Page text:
The New South Wales corruption watchdog has called for secret meetings between lobbyists and state government officials to be banned following an investigation into the regulation of lobbying.
The Independent Commission Against Corruption has found, in its latest report on Operation Eclipse, that the Lobbying of Government Officials Act 2011 (LOGO Act) doesn’t give a robust framework for managing corruption risks.
“It does not provide the required level of assurance to the general public that democratic principles of transparency, accountability, integrity and fairness are being met,” it said.
“New legislation, or significant reform of the LOGO Act, is required to safeguard the public interest against the inherent lobbying risks of corruption and undue influence.”
ICAC chief commissioner Peter Hall said lobbying can lead to positive outcomes when it is conducted ethically and honestly. However, it can also result in favouritism or corrupt conduct.
“The LOGO Act, while a step in the right direction, falls short of implementing all of the 17 recommendations made by the commission more than 10 years ago in its previous lobbying investigation, Operation Halifax,” he said.
“In Operation Eclipse, the ICAC has made a further 29 recommendations to address this shortfall and to better regulate lobbying practices in NSW.”
Among the recommendations, ICAC has called for the creation of a dedicated NSW lobbying commissioner to regulate the LOGO Act, and for the Lobbyists Code of Conduct to be expanded and renamed as the ‘Lobbying Code of Conduct’.
Meanwhile, any fundraising event where an attendee pays for any form of exclusive or private access to a minister should be classified as a ‘scheduled meeting’, and should be disclosed.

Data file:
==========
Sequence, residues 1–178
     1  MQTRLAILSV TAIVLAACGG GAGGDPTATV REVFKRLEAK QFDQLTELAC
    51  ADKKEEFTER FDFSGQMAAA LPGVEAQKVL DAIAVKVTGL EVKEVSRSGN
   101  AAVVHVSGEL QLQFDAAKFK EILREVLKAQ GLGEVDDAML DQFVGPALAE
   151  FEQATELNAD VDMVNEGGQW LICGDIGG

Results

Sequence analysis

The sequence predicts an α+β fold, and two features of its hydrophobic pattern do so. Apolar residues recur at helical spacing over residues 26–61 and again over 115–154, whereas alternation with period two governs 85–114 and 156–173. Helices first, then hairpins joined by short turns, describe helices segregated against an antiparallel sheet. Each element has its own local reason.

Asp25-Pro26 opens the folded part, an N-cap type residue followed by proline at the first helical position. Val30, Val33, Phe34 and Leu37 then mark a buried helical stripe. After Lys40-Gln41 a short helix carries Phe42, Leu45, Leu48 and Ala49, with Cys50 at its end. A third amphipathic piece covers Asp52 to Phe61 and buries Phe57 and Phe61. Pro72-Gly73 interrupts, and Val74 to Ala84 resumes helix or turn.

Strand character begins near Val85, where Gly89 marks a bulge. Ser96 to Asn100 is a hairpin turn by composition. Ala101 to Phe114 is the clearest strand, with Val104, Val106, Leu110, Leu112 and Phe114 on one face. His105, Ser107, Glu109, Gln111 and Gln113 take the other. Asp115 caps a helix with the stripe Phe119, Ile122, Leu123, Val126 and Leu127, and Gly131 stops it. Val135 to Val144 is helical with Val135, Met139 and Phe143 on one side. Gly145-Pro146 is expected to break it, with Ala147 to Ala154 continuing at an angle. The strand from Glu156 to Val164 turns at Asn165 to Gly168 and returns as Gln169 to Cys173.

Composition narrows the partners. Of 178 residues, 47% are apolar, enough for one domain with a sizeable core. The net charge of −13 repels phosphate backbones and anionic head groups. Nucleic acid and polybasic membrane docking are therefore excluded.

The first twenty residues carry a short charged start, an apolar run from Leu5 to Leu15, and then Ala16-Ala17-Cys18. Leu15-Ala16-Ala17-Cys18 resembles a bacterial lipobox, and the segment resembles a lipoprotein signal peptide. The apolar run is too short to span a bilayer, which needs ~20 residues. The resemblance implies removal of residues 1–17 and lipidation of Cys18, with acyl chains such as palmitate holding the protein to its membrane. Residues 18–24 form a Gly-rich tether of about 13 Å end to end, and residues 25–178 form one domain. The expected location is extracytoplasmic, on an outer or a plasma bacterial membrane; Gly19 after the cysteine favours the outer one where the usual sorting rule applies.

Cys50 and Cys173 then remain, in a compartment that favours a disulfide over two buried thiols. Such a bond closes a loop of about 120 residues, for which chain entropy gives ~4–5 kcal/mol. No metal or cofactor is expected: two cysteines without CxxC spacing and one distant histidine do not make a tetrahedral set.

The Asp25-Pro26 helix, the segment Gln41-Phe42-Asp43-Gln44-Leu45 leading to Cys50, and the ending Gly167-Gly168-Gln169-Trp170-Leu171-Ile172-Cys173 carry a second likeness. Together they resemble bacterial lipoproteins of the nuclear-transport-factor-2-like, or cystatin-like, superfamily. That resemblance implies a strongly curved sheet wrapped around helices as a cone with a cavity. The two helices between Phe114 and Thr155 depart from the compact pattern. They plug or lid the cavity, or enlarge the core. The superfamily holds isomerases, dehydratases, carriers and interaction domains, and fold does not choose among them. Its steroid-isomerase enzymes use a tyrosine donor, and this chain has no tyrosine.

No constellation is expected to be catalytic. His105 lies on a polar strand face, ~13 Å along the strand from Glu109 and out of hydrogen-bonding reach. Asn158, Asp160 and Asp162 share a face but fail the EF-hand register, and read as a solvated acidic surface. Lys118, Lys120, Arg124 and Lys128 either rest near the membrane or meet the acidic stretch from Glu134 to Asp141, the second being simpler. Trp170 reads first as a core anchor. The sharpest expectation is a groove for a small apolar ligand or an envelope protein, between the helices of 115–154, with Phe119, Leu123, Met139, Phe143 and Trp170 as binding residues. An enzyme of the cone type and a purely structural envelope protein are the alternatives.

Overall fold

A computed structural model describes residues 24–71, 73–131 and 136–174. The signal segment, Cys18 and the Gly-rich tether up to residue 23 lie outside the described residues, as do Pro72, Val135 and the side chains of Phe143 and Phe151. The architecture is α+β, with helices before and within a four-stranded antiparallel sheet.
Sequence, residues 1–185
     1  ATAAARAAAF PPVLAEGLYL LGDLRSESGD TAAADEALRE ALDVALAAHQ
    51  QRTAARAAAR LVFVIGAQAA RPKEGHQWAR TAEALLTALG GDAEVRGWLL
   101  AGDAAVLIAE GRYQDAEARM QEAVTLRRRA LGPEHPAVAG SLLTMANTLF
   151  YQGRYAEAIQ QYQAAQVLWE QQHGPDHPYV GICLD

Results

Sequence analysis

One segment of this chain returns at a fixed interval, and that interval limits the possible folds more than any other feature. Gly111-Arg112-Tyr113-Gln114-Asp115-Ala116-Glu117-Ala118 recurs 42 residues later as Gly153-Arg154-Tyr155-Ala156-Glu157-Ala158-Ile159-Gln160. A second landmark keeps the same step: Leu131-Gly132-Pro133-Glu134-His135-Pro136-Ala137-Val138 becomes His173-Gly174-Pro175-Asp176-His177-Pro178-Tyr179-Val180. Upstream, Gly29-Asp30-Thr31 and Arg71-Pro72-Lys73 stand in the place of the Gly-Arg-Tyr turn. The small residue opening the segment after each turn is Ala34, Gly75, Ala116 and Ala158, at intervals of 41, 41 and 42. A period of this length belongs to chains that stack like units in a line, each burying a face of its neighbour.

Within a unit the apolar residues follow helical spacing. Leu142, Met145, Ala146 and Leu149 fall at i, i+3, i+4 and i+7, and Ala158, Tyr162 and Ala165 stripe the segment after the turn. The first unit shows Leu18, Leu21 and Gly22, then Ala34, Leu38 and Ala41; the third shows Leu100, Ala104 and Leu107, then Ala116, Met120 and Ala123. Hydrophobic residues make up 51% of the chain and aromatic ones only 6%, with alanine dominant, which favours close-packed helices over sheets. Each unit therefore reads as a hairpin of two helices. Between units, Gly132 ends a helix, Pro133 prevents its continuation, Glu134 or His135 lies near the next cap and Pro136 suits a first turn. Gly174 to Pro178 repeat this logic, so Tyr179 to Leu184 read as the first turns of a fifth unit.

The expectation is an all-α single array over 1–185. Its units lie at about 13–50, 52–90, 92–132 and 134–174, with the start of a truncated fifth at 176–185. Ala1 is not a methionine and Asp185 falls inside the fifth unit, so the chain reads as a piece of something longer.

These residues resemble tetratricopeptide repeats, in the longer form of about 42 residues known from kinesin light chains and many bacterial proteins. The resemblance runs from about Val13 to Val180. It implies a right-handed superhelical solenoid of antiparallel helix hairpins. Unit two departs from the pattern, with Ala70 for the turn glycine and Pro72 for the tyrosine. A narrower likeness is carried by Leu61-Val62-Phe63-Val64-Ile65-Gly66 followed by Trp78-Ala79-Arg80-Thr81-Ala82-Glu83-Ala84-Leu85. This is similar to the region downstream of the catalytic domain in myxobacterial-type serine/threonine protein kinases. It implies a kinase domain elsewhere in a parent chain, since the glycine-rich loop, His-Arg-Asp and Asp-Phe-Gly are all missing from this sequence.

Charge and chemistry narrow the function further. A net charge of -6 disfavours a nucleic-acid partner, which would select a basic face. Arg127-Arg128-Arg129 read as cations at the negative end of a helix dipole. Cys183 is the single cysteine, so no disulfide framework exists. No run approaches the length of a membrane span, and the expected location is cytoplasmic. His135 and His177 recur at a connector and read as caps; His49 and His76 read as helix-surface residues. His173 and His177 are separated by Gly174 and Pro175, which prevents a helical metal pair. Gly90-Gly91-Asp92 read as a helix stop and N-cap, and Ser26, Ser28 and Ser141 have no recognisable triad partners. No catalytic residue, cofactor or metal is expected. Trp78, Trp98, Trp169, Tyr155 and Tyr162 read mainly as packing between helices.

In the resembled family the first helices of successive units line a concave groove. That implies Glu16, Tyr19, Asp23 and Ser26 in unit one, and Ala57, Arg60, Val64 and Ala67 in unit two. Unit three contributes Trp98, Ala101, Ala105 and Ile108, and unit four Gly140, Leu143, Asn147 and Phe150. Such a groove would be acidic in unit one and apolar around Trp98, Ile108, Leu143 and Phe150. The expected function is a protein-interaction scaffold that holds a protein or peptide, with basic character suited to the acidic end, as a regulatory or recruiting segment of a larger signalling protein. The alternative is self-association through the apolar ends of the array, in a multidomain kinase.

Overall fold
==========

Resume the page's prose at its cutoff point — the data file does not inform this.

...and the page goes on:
Undocumented or secret meetings with lobbyists should be banned, and all communications with lobbyists should be documented.
One of the commission’s key findings was that ‘there is insufficient information available to the public, civil society groups and the media about lobbying activities’. ICAC noted that only third-party lobbyists are required to register, despite carrying out a fraction of the lobbying in the state. In light of this, ICAC has recommended that a broader range of lobbyists be required to register — particularly professional in-house lobbyists.
Other key findings include that lobbying is common in local government, lobbyists are not prohibited from giving gifts to government officials, and recordkeeping practices in relation to lobbying activities are inadequate.
Further, the movement of former public officials between the government sector and lobbying roles is currently unregulated.
“In NSW, post-employment cooling-off periods are generally confined to ministers and parliamentary secretaries. Other classes of public officials, including members of Parliament, ministerial staff and senior public sector executives, do not face the same restrictions,” ICAC noted.
“The commission’s view is that post-employment restrictions should be considered for a broader range of officials in high-risk categories.”
To increase transparency, ICAC has recommended that a list containing the names of relevant former public officials who have moved into lobbying roles be established.